A developing storm off the Southeast coast may track close enough to the mid-Atlantic and New England coasts for accumulating snow to end the week.
This storm will form along a cold front which produced soaking rain and severe weather across the eastern United States at midweek.
"Very often an elongated front moving through the eastern U.S. this time of year will have an area of low pressure develop along it," AccuWeather Senior Meteorologist Matt Rinde said.
"This generally slows, stalls or even retrogrades the front from continuing eastward," he added.
Several factors will need to come into place for accumulating snow to occur from portions of Delaware to Massachusetts during Thursday night into Friday.
If the developing storm stays weak, the storm will likely take a more northeasterly track and bring less snow to the area. However, if the storm strengthens quickly, the storm may take a more northerly track and extend accumulating snow farther inland, perhaps to New York City and Philadelphia.
"It will be a close call in New York City and Philadelphia, but any accumulating snow could come prior to or during the first part of the morning rush," AccuWeather Senior Meteorologist Dan Pydynowski said. "However, any accumulation on pavement in the city centers is unlikely with temperatures above freezing."
The more likely location for accumulating snow will be from portions of Delaware to Long Island and southeastern New England.
"Areas farther east of New York City and Philadelphia are more likely to see snow impact the Friday morning rush hour, including Boston, Brockton and Plymouth, Massachusetts and Providence, Rhode Island," Pydynowski said.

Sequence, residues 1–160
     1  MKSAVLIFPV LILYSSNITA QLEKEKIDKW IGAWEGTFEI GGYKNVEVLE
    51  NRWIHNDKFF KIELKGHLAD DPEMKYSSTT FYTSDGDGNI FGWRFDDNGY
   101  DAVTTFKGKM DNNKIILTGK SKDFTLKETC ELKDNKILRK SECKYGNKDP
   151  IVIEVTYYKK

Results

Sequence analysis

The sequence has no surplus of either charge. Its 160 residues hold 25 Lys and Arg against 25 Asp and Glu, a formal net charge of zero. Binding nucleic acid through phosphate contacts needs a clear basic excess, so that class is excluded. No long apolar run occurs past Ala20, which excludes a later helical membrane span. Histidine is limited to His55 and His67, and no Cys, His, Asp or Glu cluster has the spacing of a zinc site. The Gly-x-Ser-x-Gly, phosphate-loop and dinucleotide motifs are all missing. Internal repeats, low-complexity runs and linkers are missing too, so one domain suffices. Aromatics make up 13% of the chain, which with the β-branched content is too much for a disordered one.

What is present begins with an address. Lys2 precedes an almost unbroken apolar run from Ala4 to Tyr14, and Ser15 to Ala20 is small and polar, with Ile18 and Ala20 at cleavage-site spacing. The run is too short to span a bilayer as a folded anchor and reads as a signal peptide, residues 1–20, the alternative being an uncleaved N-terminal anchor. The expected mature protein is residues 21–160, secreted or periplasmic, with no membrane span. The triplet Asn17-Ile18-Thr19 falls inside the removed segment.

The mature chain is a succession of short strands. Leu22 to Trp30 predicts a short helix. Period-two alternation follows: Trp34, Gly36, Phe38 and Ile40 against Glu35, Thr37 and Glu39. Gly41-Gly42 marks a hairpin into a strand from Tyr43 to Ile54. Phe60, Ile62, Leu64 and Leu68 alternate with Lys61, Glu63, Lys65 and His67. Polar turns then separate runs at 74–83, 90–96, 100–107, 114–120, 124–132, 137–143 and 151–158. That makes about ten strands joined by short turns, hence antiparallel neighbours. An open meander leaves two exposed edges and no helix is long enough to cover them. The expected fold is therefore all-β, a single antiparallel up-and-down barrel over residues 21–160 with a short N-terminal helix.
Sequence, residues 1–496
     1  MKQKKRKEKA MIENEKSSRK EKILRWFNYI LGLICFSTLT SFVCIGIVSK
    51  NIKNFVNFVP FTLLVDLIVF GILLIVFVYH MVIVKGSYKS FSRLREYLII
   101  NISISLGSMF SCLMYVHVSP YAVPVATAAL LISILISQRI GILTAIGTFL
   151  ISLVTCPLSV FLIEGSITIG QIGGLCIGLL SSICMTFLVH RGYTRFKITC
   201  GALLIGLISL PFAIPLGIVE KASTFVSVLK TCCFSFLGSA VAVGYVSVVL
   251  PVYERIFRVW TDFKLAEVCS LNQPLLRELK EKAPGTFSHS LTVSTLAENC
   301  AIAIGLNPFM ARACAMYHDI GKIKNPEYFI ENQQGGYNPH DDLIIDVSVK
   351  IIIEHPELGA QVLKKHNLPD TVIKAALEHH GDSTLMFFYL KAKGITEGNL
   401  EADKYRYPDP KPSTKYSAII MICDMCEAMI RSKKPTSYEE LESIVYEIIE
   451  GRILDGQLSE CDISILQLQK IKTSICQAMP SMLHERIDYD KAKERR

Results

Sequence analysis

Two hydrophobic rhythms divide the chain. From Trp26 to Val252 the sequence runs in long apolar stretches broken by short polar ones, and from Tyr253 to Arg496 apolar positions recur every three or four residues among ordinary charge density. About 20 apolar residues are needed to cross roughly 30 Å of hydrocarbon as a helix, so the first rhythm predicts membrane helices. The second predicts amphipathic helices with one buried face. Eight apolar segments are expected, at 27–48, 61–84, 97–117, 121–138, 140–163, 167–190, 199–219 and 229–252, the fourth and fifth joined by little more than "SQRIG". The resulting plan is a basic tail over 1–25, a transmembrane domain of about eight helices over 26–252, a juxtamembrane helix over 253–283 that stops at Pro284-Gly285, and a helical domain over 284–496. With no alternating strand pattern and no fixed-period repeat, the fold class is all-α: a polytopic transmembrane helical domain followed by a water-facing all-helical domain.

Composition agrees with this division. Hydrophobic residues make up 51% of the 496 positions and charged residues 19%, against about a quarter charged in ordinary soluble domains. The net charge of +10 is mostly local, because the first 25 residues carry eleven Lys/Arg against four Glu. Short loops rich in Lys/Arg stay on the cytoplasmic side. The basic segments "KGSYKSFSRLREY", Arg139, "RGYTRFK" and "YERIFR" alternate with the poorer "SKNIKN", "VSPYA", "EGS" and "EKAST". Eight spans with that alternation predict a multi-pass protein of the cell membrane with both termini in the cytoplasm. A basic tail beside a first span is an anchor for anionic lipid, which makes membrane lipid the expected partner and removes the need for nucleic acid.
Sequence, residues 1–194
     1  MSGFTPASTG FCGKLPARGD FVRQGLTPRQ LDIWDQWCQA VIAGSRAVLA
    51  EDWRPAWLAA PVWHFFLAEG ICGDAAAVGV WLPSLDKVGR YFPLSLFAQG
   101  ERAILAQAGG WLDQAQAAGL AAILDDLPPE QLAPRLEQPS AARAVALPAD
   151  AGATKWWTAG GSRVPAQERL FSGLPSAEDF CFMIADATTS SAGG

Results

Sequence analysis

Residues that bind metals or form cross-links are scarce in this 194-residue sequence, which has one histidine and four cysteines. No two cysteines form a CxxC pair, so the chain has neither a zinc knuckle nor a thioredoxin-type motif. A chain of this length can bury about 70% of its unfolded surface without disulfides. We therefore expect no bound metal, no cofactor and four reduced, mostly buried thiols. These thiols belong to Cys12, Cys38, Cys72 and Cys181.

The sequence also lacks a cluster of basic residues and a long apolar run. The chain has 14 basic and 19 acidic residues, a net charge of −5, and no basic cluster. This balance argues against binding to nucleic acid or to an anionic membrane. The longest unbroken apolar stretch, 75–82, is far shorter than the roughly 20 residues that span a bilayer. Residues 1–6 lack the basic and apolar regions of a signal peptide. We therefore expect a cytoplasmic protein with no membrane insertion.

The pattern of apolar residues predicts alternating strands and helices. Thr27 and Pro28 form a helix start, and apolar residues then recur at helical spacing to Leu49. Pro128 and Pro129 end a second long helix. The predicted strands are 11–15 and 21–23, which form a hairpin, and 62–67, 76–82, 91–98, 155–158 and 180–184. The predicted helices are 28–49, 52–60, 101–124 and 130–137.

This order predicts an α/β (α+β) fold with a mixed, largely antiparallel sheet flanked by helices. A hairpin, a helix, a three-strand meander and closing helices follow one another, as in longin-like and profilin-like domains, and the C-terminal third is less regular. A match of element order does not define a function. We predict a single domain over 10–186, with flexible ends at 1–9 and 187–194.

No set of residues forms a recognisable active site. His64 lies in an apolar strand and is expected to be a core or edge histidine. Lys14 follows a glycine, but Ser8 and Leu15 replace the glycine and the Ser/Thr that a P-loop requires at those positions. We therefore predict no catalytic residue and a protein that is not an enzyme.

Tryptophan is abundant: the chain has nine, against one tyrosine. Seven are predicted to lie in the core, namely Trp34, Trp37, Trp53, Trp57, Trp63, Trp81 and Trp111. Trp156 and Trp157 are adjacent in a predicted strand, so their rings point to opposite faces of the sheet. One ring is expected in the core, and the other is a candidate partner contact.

Snow may even reach southern and Down East Maine and parts of Nova Scotia during Friday afternoon.
"Only a slight shift in the track of the storm could lead to more or less snow in some locations," Rinde said.
In most areas, precipitation will begin in the form of rain during Thursday night as surface temperatures remain well above freezing. As colder air builds into Friday morning, precipitation will change over to snow. The changeover will occur earlier across the inland areas and later near the coast.
Given the recent warmth and rain across the East Coast to begin February, snow will need to fall heavily to accumulate on any roadways. Most of the snowfall will accumulate on non-paved surfaces.
If snowfall is heavy enough, roads could turn from wet to slushy and lead to slippery travel during Friday morning.
The heaviest snow is likely to fall across southeast Massachusetts. Some areas could receive a quick 3 to 6 inches of snow.
"Given the track of the storm, the greatest chance for more than 3 inches will be across Cape Cod, Martha's Vineyard and Nantucket toward Boston," Pydynowski said.
Temperatures on Friday are expected to hover in the mid- to upper 30s F from southern New England to the lower 40s across the mid-Atlantic coast. Should any snow coat roads or sidewalks, the mild air will melt most of the snow that accumulates once the storm departs during Friday afternoon.
Conditions will clear out by the afternoon as high pressure builds across the region. The weekend will be dry with partial sunshine along the East Coast. Highs during the weekend from southern New England to the mid-Atlantic will be in the 40s.